I want to pay my complements to Rose Lai, the organizer of the event, for putting on a great feast. This year is the Year of the Pig, which means you are pure of heart. If you were born in the Year of the Pig then you often make friends for life.

Gung Hay Fat Choy!


One quick hit before I go: Brother Canada has promoted John Robertson to director of sales. He is being replaced by Debora DeCouto, who I went to high school with back in the ‘80s. The world gets a tad smaller.

— Posted by Paolo Del Nibletto, 3/05/07, 10:38AM, [email protected]

What is going on at computing retailers?

First it was Circuit City closing a whack of locations, the vast majority of them in Canada. Now CompUSA, Circuit City’s main rival along with Best Buy, is also shutting down more than 100 stores across the good ole U.S. of A.

Again, the same reason was given by the big box retailer: The stores were underperforming and the company will focus on those stores that are performing. It sounded like a broken record, or that Circuit City and CompUSA used the same PR firm to send out the message to save on costs.

Is Best Buy next? I am not quite sure, but all these computing retailers closing leads me to think that consumers don’t want the big box store any longer.

CDN received many letters from our story on the Circuit City closings and all of theme carried one central theme. There are smaller IT/CE retailers with a local, high tough sales model that is friendlier and more reliable.

Does this mean the market is changing? Well, I have often wondered as I drive to work each day and pass many independently-owned PC storefronts how they survive with all these big box retailers? I have been taking the same route to work for six-plus years, so maybe they have figured out something the big boxers haven’t about the customer base in and around their area.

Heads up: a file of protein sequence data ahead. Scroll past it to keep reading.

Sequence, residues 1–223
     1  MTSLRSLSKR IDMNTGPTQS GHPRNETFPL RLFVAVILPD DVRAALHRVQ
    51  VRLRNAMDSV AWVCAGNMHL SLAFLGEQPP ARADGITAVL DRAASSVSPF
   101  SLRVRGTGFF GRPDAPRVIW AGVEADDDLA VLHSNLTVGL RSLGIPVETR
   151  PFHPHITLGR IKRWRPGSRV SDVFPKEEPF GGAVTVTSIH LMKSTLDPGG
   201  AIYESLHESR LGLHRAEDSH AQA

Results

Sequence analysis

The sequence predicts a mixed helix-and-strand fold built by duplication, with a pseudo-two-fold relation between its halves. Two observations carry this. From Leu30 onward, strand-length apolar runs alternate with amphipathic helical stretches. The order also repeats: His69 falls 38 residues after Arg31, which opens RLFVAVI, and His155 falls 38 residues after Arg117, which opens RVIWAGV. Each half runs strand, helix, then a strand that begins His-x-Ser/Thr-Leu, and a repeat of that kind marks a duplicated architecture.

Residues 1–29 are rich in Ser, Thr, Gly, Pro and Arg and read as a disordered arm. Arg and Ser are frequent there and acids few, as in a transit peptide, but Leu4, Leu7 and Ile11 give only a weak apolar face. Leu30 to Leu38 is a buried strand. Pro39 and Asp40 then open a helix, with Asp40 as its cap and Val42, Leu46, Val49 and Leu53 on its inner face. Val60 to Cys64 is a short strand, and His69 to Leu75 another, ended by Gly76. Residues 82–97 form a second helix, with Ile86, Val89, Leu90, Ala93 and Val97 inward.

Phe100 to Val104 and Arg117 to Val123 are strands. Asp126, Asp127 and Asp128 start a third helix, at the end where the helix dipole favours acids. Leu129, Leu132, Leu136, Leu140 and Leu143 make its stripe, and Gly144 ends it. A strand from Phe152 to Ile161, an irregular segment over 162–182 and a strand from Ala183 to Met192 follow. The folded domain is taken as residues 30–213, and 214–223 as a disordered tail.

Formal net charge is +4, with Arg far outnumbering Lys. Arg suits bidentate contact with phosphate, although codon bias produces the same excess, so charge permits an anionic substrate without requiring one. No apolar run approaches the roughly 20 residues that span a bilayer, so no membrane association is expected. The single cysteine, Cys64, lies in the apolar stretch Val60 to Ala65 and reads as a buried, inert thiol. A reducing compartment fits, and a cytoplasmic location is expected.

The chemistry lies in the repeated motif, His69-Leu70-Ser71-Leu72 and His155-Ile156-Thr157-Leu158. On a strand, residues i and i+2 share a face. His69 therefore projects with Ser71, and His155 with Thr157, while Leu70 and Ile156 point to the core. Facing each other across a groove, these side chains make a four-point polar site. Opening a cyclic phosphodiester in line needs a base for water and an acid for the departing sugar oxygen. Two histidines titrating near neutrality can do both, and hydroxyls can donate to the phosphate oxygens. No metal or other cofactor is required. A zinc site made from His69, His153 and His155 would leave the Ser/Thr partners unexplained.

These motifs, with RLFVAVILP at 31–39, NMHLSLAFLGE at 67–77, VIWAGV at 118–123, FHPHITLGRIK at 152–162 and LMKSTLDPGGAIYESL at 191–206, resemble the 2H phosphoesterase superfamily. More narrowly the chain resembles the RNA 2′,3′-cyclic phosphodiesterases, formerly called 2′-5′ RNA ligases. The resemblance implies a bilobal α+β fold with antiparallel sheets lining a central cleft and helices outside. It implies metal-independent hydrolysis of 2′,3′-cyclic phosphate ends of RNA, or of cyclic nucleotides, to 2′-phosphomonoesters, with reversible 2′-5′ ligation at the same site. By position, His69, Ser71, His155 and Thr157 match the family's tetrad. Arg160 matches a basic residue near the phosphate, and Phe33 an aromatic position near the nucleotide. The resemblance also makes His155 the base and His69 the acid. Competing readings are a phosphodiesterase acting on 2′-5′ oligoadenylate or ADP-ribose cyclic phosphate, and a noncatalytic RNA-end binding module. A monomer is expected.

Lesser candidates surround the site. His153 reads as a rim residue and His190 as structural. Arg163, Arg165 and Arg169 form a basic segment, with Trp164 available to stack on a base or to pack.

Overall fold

I do know what it is right now, but I will try to find out for you in upcoming blogs.

Wouldn’t it be interesting if David beat Goliath again?


Two quick hits before I go: Local market analyst Michelle Warren has left Partner IT Research to join Info-Tech Research of London, Ont. I have always had a lot of time for Warren, one of the best people in this industry.

Also, some major channel news will come out of HP by end of day. The have scheduled a news conference to introduce Adrian Jones as its new channel chief for the Americas. He replaces John Thompson. Jones has worked for McData Corp., Pillar Data Systems, and Quantum.

— Posted by Paolo Del Nibletto, 3/02/07, 10:38AM, [email protected]

Oracle aims to be a BI leader by end of decade

Well, Oracle has once again shown to the market and the industry it gets what it wants. Charles Philips, the co-CEO at Oracle, said last year that the company wanted to be the leader in business intelligence software by the end of the decade and with the acquisition of Hyperion — a company that did US$765 million in revenue last year — they are well on their way.

Netting Hyperion now, Oracle gets a head start, but what they also get is a sound channel strategy and a partner network that is bullish on Hyperion products both here and in the U.S.

Late last year Hyperion formalized a channel program for its more than 700 partners worldwide that are building solutions around its System 9 flagship product. Under SolutionsNet, partners can now use Hyperion products within their tailored solutions for vertical markets such as packaged goods, banking, insurance, healthcare, manufacturing, pharmaceutical, and retail. The program is also flexible to work in other verticals such as the oil and gas sector.

According to Mercedes Ellison, vice-president of global partner sales for Hyperion, SolutionsNet i

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For over 25 years, CDN has been the voice of the IT channel community in Canada. Today through our digital magazine, e-mail newsletter, video reports, events and social media platforms, we provide channel partners with the information they need to grow their business.